Whatever you decide, don’t neglect the frequent turning. The outsides should caramelize and turn a nutty brown color as the casing locks in all the delicious juices.
If you don’t have a thermometer handy, try one of the following techniques to test the brats for doneness.
The Touch Test
Press your thumb and pinky finger together to form a crooked “O.” The flesh should feel firm, with just a slight amount of give. That’s the texture you’re looking for in a finished bratwurst.
Press the tip of your finger against one of the brats. If the meat feels as firm as the flesh between your thumb and pinky, it’s probably time to take the meat off the grill.
The Cake Test
No, this method doesn’t actually involve cake, but it does enlist the aid of a cake tester. These are long metal pins with plastic loops on the ends, much narrower than thermometer probes, that are used to test cakes for doneness. The needle-like probe is so small, it won’t cause much damage to the sausage casing.
Insert the cake tester into the bratwurst at a slight angle. After you withdraw it, press the metal against the inside of your wrist. When it feels hot to the touch, the bratwurst should be ready.
The Wiggle Test
This technique is similar to the “bend test” that pitmasters use on racks of pork ribs. Just pick up one end of the brat and wiggle it up and down against the cooking grate. When the sausage is cooked, it should be firm, with just a slight bounce.
Should You Parboil Bratwurst?
Some amateurs believe that you should parboil bratwurst before adding them to the grill. While it’s true that they would cook faster under these circumstances, we don’t recommend this practice.
Here’s why: The natural casing is very thin, meaning that it will split when heated to a boiling temperature. This will cause the meat flavor to leak out into the water, leaving you with dull, tasteless brats.
That said, if you’d like to decrease the amount of time that the brats spend on the grill, it’s fine to simmer them in an aluminum pan beforehand. Simmering isn’t the same as boiling—it will heat the sausages gently, thereby preserving the casings and the flavor.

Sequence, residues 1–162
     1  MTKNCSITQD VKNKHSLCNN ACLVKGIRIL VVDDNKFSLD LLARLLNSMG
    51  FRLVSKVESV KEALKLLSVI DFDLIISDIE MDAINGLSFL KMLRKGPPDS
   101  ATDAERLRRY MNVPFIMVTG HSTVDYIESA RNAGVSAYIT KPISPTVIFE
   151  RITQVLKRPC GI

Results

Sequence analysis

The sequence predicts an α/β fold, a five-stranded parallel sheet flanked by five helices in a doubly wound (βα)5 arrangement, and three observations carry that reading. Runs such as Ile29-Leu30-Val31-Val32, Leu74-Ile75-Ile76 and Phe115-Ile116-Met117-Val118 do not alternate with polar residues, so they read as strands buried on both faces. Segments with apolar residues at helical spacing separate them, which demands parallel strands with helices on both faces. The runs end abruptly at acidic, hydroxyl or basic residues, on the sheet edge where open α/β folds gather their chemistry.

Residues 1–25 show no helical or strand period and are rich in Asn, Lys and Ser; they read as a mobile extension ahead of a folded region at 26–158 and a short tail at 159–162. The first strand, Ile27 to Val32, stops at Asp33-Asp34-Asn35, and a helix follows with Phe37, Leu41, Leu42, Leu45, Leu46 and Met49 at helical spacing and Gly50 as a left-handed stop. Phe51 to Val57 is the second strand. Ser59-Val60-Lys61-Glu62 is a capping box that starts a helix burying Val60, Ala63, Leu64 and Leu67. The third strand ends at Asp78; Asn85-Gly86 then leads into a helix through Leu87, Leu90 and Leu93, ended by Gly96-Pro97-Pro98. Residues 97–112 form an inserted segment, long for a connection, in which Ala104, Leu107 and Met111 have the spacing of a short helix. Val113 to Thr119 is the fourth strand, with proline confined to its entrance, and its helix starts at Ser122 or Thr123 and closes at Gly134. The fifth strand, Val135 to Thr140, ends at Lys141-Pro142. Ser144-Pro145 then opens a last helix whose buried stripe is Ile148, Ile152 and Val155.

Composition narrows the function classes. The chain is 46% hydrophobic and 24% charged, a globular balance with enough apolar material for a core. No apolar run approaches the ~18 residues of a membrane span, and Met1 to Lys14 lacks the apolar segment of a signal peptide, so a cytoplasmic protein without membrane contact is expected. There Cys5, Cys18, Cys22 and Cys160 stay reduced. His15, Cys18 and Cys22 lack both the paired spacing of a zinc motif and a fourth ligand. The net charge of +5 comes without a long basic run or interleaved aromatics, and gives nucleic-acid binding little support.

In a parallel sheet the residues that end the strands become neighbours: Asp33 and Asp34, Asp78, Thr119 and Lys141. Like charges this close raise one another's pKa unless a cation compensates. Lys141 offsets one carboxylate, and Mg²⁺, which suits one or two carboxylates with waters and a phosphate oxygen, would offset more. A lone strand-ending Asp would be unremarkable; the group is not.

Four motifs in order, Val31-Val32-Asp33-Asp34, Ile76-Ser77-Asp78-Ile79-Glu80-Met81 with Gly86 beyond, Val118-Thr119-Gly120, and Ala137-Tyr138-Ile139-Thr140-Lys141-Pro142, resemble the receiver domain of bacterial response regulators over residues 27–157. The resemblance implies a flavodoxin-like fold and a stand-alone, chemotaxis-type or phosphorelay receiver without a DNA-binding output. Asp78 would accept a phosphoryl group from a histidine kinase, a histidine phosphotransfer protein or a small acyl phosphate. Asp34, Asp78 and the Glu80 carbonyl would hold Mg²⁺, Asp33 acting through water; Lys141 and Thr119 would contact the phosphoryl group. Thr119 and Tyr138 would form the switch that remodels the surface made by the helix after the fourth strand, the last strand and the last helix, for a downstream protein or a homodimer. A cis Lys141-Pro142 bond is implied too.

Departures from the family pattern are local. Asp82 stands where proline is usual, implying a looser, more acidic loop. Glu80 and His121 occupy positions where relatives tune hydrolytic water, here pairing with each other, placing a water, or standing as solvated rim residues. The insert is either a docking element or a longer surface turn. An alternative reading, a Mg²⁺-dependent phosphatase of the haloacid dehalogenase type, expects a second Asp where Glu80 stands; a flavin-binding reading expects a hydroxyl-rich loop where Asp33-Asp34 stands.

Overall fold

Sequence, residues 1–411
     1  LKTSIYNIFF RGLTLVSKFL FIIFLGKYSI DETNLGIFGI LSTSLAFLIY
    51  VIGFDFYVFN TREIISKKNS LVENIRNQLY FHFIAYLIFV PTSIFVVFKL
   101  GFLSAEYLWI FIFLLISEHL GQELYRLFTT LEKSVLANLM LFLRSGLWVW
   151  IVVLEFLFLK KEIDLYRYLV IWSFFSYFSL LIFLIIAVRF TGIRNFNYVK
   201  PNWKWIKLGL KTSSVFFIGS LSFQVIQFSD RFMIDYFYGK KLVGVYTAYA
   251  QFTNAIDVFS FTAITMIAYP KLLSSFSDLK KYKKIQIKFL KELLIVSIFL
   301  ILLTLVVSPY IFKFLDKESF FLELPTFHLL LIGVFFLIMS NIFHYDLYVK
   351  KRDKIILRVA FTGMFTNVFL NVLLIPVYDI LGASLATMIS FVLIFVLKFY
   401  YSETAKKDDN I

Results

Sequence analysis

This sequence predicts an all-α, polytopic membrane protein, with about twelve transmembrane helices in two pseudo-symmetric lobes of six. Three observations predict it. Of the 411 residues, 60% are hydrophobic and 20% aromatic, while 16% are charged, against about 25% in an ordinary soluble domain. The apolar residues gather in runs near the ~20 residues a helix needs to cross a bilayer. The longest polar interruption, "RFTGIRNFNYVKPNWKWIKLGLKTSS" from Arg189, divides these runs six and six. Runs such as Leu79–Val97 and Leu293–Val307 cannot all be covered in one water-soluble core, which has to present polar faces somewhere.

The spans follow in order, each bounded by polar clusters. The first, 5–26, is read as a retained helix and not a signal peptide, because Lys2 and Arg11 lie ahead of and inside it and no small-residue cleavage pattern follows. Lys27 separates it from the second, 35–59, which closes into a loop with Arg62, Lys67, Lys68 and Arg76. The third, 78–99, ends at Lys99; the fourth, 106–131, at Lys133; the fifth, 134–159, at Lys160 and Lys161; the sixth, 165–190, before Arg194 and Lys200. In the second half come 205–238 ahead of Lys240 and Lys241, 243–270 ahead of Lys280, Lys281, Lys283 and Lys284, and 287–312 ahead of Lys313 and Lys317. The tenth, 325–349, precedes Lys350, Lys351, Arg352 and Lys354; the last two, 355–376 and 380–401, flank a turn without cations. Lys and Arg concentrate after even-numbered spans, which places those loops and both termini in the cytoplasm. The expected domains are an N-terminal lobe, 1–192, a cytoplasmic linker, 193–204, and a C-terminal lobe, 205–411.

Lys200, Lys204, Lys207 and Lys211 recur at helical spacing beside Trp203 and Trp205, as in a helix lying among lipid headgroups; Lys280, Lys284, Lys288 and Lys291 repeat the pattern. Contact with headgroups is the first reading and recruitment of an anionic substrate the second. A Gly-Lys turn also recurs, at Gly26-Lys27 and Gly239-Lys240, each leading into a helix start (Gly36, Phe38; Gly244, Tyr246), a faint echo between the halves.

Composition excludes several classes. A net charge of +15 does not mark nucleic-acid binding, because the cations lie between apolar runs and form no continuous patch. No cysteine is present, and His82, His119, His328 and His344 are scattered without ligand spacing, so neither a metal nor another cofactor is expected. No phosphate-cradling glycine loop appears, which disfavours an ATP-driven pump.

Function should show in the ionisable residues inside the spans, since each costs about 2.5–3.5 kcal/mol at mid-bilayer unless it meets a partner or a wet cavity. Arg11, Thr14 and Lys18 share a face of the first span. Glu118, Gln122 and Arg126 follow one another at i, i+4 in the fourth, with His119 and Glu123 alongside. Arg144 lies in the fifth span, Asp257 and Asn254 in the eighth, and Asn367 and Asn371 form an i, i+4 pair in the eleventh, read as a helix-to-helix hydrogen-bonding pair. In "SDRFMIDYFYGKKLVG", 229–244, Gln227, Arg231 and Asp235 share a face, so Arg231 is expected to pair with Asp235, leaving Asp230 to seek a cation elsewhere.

Set the sausages in the pan and add a small amount of water, or equal amounts of water and beer. Heat the pan slowly over medium-high heat until the water is just about to boil, then turn the burner down to its lowest setting. Simmer for about 20 minutes.
If you’ve taken this step, the bratwurst should only need about 5-10 minutes on the grill.
How To Tell If Precooked Brats Are Done
One of the nice things about precooked brats is that you don’t have to worry about food-borne illnesses. The meat is already cooked to a safe temperature, so the grilling process is just a fancy way to reheat it.
When you’re grilling precooked brats, 5-7 minutes over medium heat should be sufficient. In this case, the grill temperature can be a bit higher than what you’d use for fresh bratwurst—about 350 degrees. Just make sure to turn them often so the outsides don’t char and split.
Even though the meat was precooked, you should still rest the brats for about 5 minutes before serving them. This type of bratwurst dries out easily enough as it is, so it needs all the help it can get in this department.
The Bottom Line
Buy fresh bratwurst whenever possible, and grill them for 15 to 20 minutes total. Remember to turn them often to ensure even browning. The casings might be delicate, but when they have a chance to crisp up, they seal in the juices to create an amazing harmony of flavor and texture.
Best of luck, and happy grilling!
Hi there! I’m Darren Wayland, your BBQHost. My love of great barbecue inspired me to curate this site as a resource for all my like-minded fellow pitmasters out there. When I’m not researching and learning all I can about the latest tips and techniques, you can find me at the grill—that is, if you can spot me at all through the clouds of sweet-smelling smoke. And since you asked, yes, that probably is barbecue sauce on my face. Welcome to the party!